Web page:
Holistic methods

The Brazilian team is just one group among hundreds of researchers seeking to measure carbon in the Amazon rainforest. The massive forest covers more than six million square kilometers in nine countries.

Some research seeks only to measure carbon in trees, but Sanquetta says his team’s effort is all-inclusive. It measures carbon in soil, underbrush and dying plant matter. In addition, his team is studying carbon in reforested areas. This can offer information needed to push for reforestation efforts.

Carbon dioxide, or CO2, is the most widespread of the greenhouse gases. Trees take it in from the atmosphere and store it as carbon.

But the process also works the other way. When trees are cut down or burned, the wood releases CO2 back into the atmosphere. In Brazil, parts of the Amazon are often cut to make room for agriculture and grassland for cows.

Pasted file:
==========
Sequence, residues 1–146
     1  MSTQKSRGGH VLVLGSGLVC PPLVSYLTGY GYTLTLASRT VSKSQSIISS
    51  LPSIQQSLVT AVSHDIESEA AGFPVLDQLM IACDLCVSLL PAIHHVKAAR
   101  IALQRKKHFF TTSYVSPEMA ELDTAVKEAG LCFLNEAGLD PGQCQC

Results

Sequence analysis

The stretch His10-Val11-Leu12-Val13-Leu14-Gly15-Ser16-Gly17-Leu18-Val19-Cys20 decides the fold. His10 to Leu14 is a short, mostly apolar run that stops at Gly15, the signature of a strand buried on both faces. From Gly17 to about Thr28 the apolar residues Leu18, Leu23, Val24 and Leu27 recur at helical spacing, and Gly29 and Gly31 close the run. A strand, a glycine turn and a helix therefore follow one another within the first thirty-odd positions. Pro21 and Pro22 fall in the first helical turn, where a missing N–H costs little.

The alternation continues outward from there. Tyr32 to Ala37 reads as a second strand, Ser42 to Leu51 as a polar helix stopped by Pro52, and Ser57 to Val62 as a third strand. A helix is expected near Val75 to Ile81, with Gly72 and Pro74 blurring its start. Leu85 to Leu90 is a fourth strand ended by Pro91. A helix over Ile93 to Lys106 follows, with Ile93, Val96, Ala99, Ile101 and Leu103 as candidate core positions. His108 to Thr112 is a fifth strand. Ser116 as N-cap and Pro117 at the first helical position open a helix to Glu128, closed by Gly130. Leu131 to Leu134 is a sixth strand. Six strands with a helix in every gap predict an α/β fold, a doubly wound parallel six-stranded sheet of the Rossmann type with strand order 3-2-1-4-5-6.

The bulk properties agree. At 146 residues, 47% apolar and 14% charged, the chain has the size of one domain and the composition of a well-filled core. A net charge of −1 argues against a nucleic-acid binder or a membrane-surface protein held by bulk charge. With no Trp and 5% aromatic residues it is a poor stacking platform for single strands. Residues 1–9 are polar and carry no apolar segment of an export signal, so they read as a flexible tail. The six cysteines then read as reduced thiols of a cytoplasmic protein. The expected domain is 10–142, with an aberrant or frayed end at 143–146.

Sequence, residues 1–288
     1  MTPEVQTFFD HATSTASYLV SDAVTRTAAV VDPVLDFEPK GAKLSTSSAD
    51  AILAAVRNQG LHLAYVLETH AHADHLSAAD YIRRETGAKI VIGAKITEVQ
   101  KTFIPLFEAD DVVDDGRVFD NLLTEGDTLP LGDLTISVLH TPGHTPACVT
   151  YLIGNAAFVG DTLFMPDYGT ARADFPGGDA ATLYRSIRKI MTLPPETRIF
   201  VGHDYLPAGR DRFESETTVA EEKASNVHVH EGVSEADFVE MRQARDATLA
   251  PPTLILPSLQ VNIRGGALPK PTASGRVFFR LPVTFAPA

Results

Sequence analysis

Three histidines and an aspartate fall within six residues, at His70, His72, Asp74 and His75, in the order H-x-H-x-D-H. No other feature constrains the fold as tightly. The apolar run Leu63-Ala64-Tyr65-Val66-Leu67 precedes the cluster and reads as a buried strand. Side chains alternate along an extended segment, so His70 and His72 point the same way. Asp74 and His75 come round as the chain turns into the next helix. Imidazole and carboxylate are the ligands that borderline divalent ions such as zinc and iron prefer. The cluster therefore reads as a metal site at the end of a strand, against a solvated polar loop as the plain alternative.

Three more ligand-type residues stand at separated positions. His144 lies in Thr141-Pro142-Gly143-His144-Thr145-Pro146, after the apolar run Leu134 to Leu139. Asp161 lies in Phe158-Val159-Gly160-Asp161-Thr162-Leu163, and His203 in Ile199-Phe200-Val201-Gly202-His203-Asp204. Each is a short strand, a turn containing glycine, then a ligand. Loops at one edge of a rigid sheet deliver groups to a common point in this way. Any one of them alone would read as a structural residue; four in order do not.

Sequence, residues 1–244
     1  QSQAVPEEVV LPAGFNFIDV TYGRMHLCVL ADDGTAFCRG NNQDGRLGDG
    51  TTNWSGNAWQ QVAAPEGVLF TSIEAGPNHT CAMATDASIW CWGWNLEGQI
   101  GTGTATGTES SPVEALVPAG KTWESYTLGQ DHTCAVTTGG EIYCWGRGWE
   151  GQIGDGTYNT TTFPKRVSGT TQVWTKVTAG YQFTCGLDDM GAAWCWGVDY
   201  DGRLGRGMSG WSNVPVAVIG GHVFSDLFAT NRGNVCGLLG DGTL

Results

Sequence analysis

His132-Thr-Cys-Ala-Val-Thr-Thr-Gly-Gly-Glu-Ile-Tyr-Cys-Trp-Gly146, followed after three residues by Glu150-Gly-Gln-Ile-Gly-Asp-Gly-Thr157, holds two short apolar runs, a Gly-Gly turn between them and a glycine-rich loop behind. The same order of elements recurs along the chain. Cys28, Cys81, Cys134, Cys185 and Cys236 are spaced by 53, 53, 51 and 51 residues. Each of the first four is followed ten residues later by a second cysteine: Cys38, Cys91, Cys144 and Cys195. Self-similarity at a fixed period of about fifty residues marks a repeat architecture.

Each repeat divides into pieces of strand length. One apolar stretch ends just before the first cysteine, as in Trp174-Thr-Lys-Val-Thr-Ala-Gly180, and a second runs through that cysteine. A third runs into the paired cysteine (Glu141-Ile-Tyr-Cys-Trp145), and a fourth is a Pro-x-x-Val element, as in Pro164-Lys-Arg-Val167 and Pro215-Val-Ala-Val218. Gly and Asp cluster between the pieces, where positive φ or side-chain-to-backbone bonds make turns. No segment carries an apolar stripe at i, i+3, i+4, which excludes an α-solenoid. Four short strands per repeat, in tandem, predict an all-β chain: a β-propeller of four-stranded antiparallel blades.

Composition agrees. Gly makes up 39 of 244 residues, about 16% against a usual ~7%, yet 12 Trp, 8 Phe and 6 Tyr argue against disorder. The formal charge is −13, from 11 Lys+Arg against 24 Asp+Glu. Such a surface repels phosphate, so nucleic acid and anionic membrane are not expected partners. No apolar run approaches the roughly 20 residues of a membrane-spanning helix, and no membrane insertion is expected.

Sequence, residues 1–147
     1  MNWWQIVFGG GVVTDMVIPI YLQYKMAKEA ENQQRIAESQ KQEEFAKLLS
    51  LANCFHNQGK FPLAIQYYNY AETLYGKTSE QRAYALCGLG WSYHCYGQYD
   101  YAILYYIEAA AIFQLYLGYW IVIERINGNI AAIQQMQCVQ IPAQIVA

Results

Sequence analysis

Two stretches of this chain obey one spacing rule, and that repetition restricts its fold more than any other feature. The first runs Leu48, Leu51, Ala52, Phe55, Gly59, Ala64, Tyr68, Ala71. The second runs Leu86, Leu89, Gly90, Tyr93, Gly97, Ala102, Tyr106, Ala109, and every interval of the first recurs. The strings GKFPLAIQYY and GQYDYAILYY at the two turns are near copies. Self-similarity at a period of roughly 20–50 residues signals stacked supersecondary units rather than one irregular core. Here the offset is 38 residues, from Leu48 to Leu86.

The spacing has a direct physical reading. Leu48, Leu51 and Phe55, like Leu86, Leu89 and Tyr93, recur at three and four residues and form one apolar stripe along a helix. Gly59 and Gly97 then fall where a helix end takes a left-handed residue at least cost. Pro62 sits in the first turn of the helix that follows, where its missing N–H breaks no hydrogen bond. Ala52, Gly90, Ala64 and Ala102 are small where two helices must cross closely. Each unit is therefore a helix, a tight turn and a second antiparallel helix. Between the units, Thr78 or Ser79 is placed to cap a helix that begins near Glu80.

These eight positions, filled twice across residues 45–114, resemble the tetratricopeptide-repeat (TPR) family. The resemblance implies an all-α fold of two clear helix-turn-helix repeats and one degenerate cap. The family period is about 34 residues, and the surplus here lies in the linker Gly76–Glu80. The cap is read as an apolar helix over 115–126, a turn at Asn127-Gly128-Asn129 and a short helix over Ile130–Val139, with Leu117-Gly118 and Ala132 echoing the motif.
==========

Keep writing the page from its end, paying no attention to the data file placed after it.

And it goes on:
Brazilian forestry student Mateus Sanquetta separates material collected in the Amazon to check how much climate-warming greenhouse gas a small plot of the rainforest can contain at the Federal University of Parana in Curitiba, Brazil, December 1, 2020.
Brazilian forestry student Mateus Sanquetta separates material collected in the Amazon to check how much climate-warming greenhouse gas a small plot of the rainforest can contain at the Federal University of Parana in Curitiba, Brazil, December 1, 2020.

Deforestation in the Amazon has sped up under President Jair Bolsonaro. Since he took office in 2019, at least 825 million tons of CO2 have been released from deforestation in the Brazilian Amazon. That is more than is released by all U.S. passenger cars in a year.

The office of Brazilian Vice President Hamilton Mourão leads the government’s Amazon rainforest policy.

In a statement, the office said the rise in deforestation happened before the current leadership. It also said the government has been working hard to end destructive mining and lumber trafficking.

Measuring carefully

Central to dealing with the climate threat is the need to improve carbon measuring methods for more exact readings.